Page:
The motorized vehicle, both electric and petroleum powered, was invented more than 100 years ago. Each version has had the same evolution period. During this 100 years of evolution, the technology related to fossil fuels has been the most cost-effective, or the internal combustion vehicle would not be the primary mode.

The motorized vehicle, both electric and petroleum powered, was invented more than 100 years ago. Each version has had the same evolution period. During this 100 years of evolution, the technology related to fossil fuels has been the most cost-effective, or the internal combustion vehicle would not be the primary mode.

Battery technology as a result of the competition with fuel has lagged, according to the environmentalists because of unfair competition. Therefore subsidies are needed to be competitive.

This theory does not consider that electric vehicle technology is controlled by the requirement for a source of charging energy. This energy, (follow the wires) must come from a reliable source of energy, currently from fossil fuels. Therefore, no matter what the subsidy is for the battery-powered car, it will still require a reliable source of electricity to charge it.

The concept of charging the battery powered vehicle overnight, without fossil fuel, is difficult to imagine. The sun does not shine at night (unless the wires are long enough to reach a solar panel on the sunny side of the world). Also, wind power is usually insufficient at night.

Perhaps a subsidy for electric power plants? — Jeff Fox, Medford

Barry Martin's Oct. 17 letter, "Logging isn't the answer," provides an opportunity to bring up a subject that is typically missing in anti-logging discussions. He uses the standard rhetoric of "large tracts "¦ clearcut", "degraded forests result in silted streams," etc. But the part of his letter that caught my attention was his reference to our local economy based on "farms, dairies and vineyards."

Forest management today is guided by science, directed by professionals, working under forest practice regulations and done sustainably. Trees harvested are replaced. A renewable resource is maintained. So the question is, what happened to the ecosystems that were replaced by cows, vines and tilled fields? They were obliterated.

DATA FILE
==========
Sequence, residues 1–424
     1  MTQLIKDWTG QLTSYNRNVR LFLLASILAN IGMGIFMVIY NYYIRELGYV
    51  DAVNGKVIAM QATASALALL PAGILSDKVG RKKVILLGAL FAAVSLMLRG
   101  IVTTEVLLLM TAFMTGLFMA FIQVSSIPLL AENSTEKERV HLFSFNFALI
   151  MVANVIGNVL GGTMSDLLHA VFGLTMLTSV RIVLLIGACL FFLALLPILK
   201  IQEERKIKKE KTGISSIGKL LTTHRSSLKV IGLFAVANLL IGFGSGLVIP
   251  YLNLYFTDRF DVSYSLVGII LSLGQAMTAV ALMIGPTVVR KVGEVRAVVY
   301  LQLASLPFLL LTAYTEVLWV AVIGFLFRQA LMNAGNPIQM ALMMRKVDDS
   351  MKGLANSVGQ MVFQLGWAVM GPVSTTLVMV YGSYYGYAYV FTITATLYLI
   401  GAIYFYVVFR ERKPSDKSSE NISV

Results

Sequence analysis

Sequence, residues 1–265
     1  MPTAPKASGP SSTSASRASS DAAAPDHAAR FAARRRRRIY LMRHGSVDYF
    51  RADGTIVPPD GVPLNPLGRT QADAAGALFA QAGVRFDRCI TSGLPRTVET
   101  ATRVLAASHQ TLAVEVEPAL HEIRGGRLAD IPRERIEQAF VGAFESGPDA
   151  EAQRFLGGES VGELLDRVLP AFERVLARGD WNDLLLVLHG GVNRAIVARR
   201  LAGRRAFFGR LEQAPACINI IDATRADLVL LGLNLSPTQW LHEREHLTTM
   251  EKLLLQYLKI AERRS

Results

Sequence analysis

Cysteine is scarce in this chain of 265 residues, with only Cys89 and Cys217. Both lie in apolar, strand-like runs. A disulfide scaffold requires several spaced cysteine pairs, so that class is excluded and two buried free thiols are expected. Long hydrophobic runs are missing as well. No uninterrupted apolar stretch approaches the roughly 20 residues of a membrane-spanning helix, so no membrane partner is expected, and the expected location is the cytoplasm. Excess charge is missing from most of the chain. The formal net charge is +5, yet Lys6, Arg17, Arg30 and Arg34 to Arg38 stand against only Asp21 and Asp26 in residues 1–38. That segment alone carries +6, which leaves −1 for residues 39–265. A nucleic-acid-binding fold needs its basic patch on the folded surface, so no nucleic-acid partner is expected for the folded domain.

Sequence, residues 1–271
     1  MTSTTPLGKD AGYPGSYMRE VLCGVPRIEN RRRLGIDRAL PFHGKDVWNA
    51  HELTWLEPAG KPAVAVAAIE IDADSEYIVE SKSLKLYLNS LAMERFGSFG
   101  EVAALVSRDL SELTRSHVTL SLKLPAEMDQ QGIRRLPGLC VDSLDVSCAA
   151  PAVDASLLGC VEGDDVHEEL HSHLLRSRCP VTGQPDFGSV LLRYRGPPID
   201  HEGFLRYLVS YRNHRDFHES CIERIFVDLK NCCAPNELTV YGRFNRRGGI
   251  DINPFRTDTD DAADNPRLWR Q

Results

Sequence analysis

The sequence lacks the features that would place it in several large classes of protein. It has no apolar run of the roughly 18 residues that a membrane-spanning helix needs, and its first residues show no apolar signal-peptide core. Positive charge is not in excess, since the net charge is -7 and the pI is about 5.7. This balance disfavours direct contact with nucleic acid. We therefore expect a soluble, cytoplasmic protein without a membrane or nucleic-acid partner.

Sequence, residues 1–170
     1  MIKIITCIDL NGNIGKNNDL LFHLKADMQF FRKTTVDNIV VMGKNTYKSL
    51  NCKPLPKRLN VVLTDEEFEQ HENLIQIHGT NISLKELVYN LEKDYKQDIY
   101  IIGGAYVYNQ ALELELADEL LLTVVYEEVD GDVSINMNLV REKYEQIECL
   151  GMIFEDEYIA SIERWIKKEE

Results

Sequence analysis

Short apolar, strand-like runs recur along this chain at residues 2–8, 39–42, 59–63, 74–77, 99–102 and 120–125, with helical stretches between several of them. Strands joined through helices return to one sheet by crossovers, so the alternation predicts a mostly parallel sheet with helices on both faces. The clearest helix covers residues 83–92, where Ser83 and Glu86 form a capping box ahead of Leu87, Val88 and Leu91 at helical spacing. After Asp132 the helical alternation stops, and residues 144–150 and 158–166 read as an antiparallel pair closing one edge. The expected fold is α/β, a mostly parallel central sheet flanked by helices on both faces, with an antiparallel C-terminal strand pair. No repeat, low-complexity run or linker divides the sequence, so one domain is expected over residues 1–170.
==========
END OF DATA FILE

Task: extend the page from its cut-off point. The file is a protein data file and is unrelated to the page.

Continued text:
The Rogue Valley used to be oak/pine woodlands, grasslands and shrub fields, home to deer, cougar, bear, wildflowers and many bird species. Mr. Martin loves to hunt and fish. Not much of that in farms, vineyards and dairies. He appears to prefer conversion to agricultural use over sustainable maintenance of remaining forestland.

Environmentalists incessantly complain about trees being cut, but ignore, or fail to recognize, the continued loss of critical ecosystems through total conversion to other uses. Why is that? — Bill Jones, Eagle Point

How come when a state authorizes gay marriage they put on extra staff and open clerks' offices early (example: marriage license office opening at 12:01 a.m. on the day marriages become legal) but the same extra government attention is not shown when concealed carry laws change and new potential licensees "line up" to get a license. They instead have to wait months to exercise their Second Amendment right that government tried to take away.

Could it be that as George Orwell wrote, some animals are more equal than others? — Elaine Wheeler, Central Point